Hey all I’m back for this week’s Bookish Wednesday with another topic that I’m finally getting around to covering. It’s all about my hatred for Dystopian novels.
Dystopians? Really?: Yeah, I absolutely hate the genre. It started with me reading The Giver as a kid and being utterly disgusted with it. Stories don’t have to end with a happy ever after, but honestly a story shouldn’t be so depressing and that’s what The Giver was to me.
So many novels, including stuff like Brave New World, The Hunger Games, 1984, and their like are just all made as social commentaries. Honestly if the authors wanted to write a social commentary, they should just submit an op-ed to their local or national news outlet or write an essay and submit it to a scholarly publication.
Instead they write incredibly depressing stories that are pretty much tailor made specifically for literary analysis in order to showcase what the author feels is wrong with the world. For me Dystopian stories are the epitome of terrible writing. A novel should be a way for the reader to escape their day to day lives, and these novels are all about the things most people will want to escape from.
How is that rational?: It isn’t and I don’t claim that my hatred of Dystopia is a completely rational hatred, in fact one reason I haven’t written this column until now is me coming to terms with that fact. I think that Dystopian stories are bad writing because they are made specifically to make the reader think about their life and what can go wrong. And for me that is absolutely the antithesis of what reading is.
I read to get away from my own inner despair and hopelessness that I struggle with every waking moment due to my severe depression, and Dystopian novels showcase the worst parts of my own mind and thrust it into my face. I don’t need that crap given to me in the form of a story since I get it already from my own inner voice that tells me to give up and just die every moment of my life.
This week I’m covering one of my least favorite books I’ve ever read. It’s Brave New World by Aldous Huxley
Plot Synopsis: The novel opens in London in A.F. 632 (AD 2540 in the Gregorian Calendar). The vast majority of the population is unified under the World State, an eternally peaceful, stable global society where the population is permanently limited to no more than two billion people, meaning goods and resources are plentiful and everyone is happy. Natural reproduction has been done away with and children are created, “decanted”, and raised in “hatcheries and conditioning centres”. From birth, people are genetically designed to fit into one of five castes, which are further split into “Plus” and “Minus” members and designed to fulfill predetermined positions within the social and economic strata of the World State. Fetuses chosen to become members of the highest castes, “Alpha” and “Beta”, are allowed to develop naturally and are given stimulants while maturing to term in “decanting bottles.” Those fetuses chosen to become members of the lower castes of “Gamma”, “Delta” or “Epsilon” are subjected to in situ chemical interference to cause arrested development in intelligence and physical growth. Each Alpha or Beta is the product of one unique fertilised egg developing into one unique fetus. Members of lower castes are not unique but are instead created using “Bokanovsky’s Process” which enables a single egg to spawn up to 96 children and one ovary to produce thousands of children. To further increase the birthrate of Gammas, Deltas and Epsilons, “Podsnap’s Technique” causes all the eggs in the ovary to mature simultaneously, allowing the hatchery to get full use of the ovary in two years’ time. People of these castes make up the majority of human society, and the production of such specialised children bolsters the efficiency and harmony of society, since these people are deliberately limited in their cognitive and physical abilities, as well as the scope of their ambitions and the complexity of their desires, thus rendering them easier to control. All children are educated via the hypnopaedic process, which provides each child with caste-appropriate subconscious messages to mould the child’s lifelong self-image and social outlook to that chosen by the leaders and their predetermined plans for producing future adult generations, as well as stopping the lower caste citizens from wanting to be more than they were grown to be.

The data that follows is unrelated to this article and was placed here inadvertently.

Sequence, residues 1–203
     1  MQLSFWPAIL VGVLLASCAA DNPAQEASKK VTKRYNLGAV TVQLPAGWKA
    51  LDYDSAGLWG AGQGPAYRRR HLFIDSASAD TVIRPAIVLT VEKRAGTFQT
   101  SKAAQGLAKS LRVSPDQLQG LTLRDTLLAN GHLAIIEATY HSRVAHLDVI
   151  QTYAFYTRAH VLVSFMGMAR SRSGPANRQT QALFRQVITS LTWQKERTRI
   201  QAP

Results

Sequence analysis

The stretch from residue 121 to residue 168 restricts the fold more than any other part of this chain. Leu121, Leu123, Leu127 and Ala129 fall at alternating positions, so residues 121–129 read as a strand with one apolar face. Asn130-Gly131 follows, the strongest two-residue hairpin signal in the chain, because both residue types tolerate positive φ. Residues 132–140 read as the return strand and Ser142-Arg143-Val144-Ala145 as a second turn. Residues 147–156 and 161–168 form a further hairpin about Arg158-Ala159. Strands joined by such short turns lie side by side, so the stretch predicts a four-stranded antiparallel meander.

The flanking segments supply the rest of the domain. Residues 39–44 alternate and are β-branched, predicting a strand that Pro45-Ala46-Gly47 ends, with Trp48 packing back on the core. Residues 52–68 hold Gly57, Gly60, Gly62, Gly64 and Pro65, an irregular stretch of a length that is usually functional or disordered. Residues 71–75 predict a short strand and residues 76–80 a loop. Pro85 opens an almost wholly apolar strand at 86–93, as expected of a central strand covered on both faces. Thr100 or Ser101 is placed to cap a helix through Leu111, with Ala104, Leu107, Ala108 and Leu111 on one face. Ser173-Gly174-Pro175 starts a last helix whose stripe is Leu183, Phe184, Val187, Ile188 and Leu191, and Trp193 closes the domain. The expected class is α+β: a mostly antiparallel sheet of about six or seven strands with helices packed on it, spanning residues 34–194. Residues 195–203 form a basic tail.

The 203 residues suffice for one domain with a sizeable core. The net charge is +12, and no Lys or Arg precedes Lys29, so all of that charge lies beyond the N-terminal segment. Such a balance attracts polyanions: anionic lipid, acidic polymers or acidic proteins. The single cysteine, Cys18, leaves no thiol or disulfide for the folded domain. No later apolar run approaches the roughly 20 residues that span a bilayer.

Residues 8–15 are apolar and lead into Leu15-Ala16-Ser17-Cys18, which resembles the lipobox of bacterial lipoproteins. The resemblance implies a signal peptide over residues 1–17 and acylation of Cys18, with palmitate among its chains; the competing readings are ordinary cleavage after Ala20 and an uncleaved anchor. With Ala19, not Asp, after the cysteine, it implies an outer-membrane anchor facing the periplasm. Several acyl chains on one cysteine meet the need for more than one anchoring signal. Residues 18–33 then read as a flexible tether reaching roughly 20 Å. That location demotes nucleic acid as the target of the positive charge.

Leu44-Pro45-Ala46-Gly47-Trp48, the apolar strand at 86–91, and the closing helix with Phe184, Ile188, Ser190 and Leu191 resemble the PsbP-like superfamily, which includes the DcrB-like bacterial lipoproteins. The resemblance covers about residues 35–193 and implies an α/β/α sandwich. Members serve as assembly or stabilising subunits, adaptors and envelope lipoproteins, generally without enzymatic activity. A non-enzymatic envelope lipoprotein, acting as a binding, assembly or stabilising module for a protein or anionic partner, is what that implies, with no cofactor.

Plot: I really dislike books like this because it’s really obvious they have a specific message to the reader and it’s usually don’t trust your government or something like that. The plot in this book isn’t all that great in fact it sucks period.
Characters: I can’t even remember anyone’s name except for the Savage, but I actually dislike him the most out of all the characters.
Overall: If you want to read a boring book that has no really interesting plot read this.
For those who like: Boring Plots, Dystopian fiction.
Not for those who want: Real plots and actually interesting subjects and characters.